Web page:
Out of boredom and isolation I taught myself to cook. I read every Martha Stewart infinite times, and like no right-minded 12 year old, would spend hours perfecting my choux pastry, my curds, and endless blancmange. I fell in love with food for the first time in my life.
But boredom and teenage-hood lead to depression. Depression lead to weight gain. Weight gain led to depression, and the vicious cycle went on.
When I was in my late teens I fell out of love with food. My younger sister got heavily into competitive rowing and I became her exercise partner. We would run together to help her train, often too far and too hard, all the while eating too little.
I became obsessive about counting calories. Food was the only thing I could control in my life, so I controlled it as best I could. 800 calories a day was all I would allow myself. Everything that crossed my lips would get written down in great detail- the calories of the gum I chewed, the vitamins I took, the milk in my tea.
I remember how much I denied myself at that time. I missed out on events, on parties, on so much fun, out of the fear I possibility might have to eat. I became stuck in a world where my biggest joy had become my greatest shackle.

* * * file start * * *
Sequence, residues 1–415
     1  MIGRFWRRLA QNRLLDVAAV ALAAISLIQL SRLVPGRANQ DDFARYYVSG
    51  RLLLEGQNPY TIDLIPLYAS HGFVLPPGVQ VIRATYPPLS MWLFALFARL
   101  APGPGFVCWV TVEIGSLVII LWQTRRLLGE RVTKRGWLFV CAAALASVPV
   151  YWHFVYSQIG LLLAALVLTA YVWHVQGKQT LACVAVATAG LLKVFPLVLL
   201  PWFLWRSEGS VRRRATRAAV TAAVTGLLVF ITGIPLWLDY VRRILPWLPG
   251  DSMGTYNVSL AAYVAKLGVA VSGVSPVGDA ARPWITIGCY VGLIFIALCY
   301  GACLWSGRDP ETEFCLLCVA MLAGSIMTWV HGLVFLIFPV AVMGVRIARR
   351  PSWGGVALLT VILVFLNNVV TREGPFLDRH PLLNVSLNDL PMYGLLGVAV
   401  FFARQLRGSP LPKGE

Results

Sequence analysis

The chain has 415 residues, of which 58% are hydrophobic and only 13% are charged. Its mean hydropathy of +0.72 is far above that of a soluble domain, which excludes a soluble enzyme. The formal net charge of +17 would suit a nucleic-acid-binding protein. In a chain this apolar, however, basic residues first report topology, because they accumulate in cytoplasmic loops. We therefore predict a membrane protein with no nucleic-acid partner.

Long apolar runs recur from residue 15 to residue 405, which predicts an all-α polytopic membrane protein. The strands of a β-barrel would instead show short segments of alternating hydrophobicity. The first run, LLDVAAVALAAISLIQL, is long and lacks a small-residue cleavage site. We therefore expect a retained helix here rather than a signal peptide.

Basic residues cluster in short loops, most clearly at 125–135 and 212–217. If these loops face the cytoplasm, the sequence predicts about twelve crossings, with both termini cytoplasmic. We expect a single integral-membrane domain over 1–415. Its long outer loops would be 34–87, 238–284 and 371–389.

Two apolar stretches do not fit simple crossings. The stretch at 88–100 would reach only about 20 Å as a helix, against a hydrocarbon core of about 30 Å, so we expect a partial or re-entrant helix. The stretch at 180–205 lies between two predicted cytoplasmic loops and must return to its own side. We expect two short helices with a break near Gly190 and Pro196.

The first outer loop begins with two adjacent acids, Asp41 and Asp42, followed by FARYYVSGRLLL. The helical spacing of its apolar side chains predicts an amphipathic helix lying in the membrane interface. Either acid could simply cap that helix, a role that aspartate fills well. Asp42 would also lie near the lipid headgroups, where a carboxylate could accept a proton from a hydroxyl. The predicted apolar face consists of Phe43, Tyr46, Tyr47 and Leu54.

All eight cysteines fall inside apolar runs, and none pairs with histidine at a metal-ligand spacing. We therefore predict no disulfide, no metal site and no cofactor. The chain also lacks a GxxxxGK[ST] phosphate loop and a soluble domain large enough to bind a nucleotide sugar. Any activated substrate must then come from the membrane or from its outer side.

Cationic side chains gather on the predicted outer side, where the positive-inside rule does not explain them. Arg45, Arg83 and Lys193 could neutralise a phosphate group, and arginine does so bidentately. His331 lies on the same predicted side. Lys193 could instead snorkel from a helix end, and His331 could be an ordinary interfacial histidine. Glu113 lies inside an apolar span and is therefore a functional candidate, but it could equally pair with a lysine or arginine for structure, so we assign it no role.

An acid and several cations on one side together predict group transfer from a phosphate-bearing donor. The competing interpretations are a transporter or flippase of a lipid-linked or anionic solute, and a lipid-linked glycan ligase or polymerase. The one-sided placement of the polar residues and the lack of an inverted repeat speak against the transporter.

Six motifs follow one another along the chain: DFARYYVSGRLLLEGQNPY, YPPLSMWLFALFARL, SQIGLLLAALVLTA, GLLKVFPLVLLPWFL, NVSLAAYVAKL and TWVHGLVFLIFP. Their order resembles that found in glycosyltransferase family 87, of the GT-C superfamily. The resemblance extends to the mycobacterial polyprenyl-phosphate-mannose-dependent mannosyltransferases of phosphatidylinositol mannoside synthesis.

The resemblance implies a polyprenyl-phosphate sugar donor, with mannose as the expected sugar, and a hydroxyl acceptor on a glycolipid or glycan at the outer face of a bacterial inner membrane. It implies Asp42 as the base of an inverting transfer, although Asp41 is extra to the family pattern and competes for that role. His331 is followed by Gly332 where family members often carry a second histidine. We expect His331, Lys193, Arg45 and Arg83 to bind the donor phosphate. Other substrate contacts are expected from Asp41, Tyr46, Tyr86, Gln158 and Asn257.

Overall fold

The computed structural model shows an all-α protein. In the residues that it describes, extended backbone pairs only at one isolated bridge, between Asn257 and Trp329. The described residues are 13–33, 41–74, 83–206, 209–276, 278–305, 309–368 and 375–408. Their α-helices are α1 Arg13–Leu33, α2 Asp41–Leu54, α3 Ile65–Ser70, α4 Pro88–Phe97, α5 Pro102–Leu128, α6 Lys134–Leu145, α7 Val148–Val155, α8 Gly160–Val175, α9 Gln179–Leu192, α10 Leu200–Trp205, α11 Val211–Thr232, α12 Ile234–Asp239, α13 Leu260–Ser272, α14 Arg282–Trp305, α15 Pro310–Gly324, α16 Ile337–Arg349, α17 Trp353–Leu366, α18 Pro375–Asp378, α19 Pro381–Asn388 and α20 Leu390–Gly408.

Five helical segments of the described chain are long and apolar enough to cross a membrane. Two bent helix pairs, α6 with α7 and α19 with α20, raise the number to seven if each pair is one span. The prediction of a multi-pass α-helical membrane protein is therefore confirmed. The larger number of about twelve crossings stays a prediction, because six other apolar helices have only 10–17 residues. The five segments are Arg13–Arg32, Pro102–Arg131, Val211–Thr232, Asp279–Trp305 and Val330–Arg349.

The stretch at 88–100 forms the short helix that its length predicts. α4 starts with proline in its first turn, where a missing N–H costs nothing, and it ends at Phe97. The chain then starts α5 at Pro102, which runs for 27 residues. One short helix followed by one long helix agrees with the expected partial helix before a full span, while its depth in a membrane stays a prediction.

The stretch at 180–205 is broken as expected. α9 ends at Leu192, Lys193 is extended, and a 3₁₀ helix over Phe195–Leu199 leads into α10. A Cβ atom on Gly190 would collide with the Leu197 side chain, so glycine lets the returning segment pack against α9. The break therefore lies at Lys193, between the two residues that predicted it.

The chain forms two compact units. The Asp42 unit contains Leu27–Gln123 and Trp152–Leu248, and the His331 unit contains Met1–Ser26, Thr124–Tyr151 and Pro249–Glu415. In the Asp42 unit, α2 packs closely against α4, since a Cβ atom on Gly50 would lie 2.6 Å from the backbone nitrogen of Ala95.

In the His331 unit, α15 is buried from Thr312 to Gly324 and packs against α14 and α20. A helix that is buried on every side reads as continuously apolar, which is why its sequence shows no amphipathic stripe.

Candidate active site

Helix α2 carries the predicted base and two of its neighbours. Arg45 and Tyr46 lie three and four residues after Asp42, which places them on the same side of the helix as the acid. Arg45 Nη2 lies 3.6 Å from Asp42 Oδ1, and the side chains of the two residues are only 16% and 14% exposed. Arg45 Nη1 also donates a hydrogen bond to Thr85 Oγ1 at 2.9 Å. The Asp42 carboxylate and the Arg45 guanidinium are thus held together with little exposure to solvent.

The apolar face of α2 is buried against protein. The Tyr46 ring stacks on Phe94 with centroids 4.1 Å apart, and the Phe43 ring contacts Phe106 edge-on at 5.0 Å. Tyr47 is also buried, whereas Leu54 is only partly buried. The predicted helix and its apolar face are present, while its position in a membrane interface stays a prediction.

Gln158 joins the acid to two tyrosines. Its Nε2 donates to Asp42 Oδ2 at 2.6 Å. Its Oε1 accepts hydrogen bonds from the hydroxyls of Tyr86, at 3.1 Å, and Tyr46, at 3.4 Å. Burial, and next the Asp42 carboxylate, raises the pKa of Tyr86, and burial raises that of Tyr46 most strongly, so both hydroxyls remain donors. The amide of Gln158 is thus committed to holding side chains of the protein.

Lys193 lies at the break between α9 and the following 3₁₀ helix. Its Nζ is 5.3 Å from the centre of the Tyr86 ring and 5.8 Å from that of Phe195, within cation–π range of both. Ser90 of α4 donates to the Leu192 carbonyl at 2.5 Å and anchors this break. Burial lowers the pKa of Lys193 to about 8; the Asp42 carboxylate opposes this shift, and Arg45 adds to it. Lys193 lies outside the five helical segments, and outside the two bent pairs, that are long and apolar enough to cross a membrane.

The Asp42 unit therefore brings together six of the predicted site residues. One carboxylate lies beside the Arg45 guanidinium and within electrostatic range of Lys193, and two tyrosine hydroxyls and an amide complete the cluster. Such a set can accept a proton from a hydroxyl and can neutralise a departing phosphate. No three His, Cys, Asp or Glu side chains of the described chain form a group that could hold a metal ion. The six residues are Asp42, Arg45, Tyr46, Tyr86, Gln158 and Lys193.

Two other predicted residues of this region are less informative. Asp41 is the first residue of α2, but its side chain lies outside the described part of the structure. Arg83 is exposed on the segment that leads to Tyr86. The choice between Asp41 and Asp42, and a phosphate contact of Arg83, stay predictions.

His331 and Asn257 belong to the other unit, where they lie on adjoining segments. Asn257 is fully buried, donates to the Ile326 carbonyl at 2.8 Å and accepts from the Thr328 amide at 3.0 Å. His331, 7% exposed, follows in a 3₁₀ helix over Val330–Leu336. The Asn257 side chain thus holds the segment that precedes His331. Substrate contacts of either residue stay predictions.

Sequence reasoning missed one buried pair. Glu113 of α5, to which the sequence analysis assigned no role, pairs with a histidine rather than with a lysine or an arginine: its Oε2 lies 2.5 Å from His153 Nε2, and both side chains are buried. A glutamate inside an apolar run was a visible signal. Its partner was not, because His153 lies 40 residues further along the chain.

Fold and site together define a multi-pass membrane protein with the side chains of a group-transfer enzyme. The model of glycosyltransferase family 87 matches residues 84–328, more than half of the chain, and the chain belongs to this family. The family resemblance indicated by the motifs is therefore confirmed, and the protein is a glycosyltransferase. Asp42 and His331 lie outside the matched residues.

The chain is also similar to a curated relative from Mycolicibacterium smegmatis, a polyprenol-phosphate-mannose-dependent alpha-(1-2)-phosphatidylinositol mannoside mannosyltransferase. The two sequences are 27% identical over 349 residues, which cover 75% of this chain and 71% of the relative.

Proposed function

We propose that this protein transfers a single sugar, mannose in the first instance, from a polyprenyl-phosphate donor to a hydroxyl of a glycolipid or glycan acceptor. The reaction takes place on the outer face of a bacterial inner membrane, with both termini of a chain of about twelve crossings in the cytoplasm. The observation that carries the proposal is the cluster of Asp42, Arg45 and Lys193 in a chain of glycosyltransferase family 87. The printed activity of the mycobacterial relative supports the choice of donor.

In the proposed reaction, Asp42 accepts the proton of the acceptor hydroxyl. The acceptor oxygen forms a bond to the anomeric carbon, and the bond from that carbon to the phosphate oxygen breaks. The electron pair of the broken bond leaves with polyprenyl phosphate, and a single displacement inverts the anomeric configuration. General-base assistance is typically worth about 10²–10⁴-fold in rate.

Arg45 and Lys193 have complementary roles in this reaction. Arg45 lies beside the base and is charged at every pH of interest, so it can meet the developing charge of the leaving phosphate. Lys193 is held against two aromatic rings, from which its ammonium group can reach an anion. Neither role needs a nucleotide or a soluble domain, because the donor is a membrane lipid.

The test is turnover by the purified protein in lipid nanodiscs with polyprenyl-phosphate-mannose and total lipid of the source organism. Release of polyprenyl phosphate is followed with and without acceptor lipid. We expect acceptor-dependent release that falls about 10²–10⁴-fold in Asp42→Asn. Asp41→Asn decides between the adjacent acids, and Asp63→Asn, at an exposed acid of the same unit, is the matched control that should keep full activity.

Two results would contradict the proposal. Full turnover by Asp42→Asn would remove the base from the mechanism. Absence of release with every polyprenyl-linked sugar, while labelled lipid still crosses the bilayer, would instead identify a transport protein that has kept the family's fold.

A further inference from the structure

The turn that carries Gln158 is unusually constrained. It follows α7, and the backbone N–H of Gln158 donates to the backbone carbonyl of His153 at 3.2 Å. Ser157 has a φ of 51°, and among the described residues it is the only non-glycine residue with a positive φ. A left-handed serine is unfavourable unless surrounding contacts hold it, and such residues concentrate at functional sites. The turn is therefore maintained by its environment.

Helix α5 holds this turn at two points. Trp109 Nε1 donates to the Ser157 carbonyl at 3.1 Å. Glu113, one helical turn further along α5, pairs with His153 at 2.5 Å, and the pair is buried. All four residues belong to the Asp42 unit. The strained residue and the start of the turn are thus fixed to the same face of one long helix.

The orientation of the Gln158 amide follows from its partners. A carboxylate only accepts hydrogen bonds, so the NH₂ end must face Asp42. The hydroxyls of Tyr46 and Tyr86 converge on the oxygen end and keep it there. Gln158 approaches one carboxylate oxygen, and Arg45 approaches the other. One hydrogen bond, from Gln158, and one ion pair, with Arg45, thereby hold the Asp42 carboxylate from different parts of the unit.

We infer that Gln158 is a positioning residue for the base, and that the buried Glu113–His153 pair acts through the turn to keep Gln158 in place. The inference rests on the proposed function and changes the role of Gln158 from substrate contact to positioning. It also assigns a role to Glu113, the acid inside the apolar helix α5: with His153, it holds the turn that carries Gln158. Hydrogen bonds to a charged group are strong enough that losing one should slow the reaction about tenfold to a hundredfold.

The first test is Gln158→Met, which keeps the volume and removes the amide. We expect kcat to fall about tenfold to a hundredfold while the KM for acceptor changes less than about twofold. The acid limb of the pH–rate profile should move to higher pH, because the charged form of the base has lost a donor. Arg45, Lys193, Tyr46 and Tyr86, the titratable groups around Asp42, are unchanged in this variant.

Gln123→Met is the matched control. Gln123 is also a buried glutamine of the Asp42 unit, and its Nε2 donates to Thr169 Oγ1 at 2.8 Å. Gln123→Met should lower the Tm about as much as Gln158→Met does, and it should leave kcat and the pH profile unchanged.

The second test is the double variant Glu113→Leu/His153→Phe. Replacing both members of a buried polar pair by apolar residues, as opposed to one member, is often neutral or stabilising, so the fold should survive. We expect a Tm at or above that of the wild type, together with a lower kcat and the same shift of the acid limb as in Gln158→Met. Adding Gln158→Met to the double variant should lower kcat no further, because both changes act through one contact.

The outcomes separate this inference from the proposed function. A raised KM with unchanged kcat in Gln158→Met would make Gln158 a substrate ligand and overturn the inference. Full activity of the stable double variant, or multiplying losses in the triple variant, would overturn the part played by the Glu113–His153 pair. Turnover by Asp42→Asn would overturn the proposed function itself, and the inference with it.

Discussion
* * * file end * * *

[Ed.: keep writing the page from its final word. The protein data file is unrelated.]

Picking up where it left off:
My eating disorder came and went in intensity over the years, but it wasn’t until it majorly began to affect my health that I did anything about it. I was young and naive, and I didn’t recognize that the missing of my moon-time was anything to be concerned about. Instead, not having a period was met with secretive joy (one less thing to worry about). It wasn’t until I was in the bath on day and noticed fistfuls of hair in my hand, that I began to get concerned.
After years of work I found a healthy state of learning to eat again without thinking of how many calories were in each thing I put in my body and began to see food as a source of nutrients and joy. It was the hardest thing I’ve had to do in my life thus far, but also the most freeing. When I went away to university, food became what it is for me today, and I learned to love it again. I worked at organic bakeries, I did all I could to learn about different grains, healthy cooking, nutrients, and went through stints of being vegan and vegetarian (like my older siblings before me).